In Britain, Ukip (and Brexit) followed the same line: denouncing the “evil bureaucracy” of the EU but happily leaving Britain chained to the corporate fiefdom of the WTO.

    In lieu of real politics, immigrants became the surrogate source of everyone else’s impoverishment.

    What Sanders grasped — and explained — is that it is neoliberalism that has sent the world careering towards an ecological and ethical crisis.

    Sanders knew that “democracy” had been the first thing sacrificed on the altar of the market. He also knew that troves of economists had forgotten that markets without rules are always amoral.

    Only humans bring morality to economic systems. Yet the mainstream political class (in both Britain and the US) became blind to an overarching truth, once summarised by Ernst Schumacher as “Buddhist economics.”

    This is the duty to create a world in which our children can grow safely and creatively, our communities thrive harmoniously, and our planet breathe easily.

    It continues to be our greatest existential obligation. Trump has stuck two fingers up at all this; threatening to dump US climate obligations and clean energy commitments, promising instead to “suck soot” from coal magnates.

    The US media seems enthralled by the idea that Trump will grab the planet by the crotch and race after “the politics of crude,” just to please US polluters.

    Britain has watched this debacle unfold with a salacious interest usually reserved for sleazy soap operas.

    It has offered a distraction from an ugliness of our own; what festers beneath the lid of Brexit and beyond.

    There were “high ground” arguments for both staying in and leaving the EU.

    The “high ground” ones for leaving could have been found in setting higher standards/doing things “better” outside. My disdain for the Brexit campaign that surfaced was that it never reached beyond the freedom to stand for “less.”

    It was the vision of Britain as a “cheap as chips” society.

    Ukip occupies a world of permanent climate denial, not too different from Trump’s.

    But Britain’s Conservative government is not far behind them.

    Within the EU, Britain has lobbied to delay implementing the EU directive on emissions from coal power stations.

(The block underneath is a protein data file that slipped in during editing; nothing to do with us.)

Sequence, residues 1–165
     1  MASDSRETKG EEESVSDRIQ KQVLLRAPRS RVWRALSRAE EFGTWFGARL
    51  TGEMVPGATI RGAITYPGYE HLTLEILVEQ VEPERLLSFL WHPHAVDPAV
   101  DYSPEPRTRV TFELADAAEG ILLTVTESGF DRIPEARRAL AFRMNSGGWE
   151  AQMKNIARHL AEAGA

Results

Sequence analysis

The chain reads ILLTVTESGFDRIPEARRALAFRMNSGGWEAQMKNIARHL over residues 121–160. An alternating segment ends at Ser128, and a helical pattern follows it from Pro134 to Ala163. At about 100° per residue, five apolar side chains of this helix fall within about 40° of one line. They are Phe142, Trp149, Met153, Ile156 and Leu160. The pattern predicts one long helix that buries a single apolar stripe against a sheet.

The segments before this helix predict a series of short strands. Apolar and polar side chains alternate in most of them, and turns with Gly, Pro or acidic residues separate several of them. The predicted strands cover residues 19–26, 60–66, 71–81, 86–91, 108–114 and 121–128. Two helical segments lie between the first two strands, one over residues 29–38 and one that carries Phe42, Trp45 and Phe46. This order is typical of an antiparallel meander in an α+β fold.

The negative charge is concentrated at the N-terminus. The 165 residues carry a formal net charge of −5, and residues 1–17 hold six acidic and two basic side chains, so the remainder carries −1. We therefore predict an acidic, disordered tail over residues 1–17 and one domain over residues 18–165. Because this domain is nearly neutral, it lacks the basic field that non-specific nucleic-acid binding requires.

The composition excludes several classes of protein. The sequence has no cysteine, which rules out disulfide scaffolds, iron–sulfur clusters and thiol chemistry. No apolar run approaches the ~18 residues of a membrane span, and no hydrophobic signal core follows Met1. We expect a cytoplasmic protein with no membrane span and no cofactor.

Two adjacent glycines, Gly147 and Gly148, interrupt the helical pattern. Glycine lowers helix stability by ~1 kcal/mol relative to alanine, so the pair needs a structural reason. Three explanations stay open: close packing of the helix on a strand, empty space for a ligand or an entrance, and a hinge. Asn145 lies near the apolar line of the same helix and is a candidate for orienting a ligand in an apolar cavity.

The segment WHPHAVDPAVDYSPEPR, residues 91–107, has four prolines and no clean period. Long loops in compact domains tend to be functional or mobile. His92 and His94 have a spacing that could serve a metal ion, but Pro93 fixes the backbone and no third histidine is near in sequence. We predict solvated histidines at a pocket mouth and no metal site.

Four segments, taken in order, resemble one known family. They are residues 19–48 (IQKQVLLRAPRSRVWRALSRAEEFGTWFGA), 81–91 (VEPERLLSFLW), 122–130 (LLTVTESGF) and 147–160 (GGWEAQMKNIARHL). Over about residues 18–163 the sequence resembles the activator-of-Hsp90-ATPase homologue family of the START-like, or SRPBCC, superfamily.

Our courts have judged Britain “illegal” in our non-delivery of EU air quality standards.

    Britain demanded (and got) a right to lower renewable energy targets than the rest of the EU (and will still fail to meet them).

    We have consistently sought to water down EU-wide anti-tax evasion strategies. And Britain blocked EU moves towards a financial transactions tax.

    Of course we are not as crude as Trump. Britain’s corruption tries to retain a sense of “class” and “breeding.” It is a subtlety reserved for the more consummately dishonest.

    This was a space the Clintons once thought they could occupy too, but now they can’t. And nor can we.

    The US has to find an olive branch to avoid the nation unravelling in a post-election debacle.

    They may find it if Clinton wins and were to give Bernie Sanders the remit to reconnect “lost America” to the American dream.

    Sanders would undoubtably want to do so within a politics of hope — and redistribution.

    For “left behind” America this would include the prospects of a decent home, education, job, skill set, wage, healthcare and environment. It is something “the richest country on Earth” can surely deliver.

    Only the super-rich would scream foul. And perhaps it’s time they did.

    Britain could even lend a hand, for it too has a Bernie Sanders option waiting in the wings.

    Britain’s option is called the Corbyn Manifesto (and can still be found online).

    In the welter of highly personalised accusations around Labour’s leadership election, scant attention was given to how profound some of the Corbyn promises are — engaging with issues that threaten the planet rather than just parliamentary vested interests.

    Theresa May can swan off with her corporate sponsors to promote climate-destroying deals. She may endorse airport expansions the planet cannot sustain, and hand seats at the COP-22 climate discussions to lobbyists for coal and oil. But the rest of Britain should be looking elsewhere.

    Jeremy Corbyn’s “sustainability” proposals are the only genuinely ground-breaking, Earth-saving, hope-building agenda in town.

    The question is whether we can force discussion on to these bigger issues and away from the daily drivel of Westminster vanities.

    If there is a lesson for Britain in the US’s fall into the politics of ugly, it is that real, transformational politics is still the only antidote.

    We are so much better than this — and now we need to be. “Ugly” is just the default position of the lost.

    Alan Simpson is former Labour MP for Nottingham South.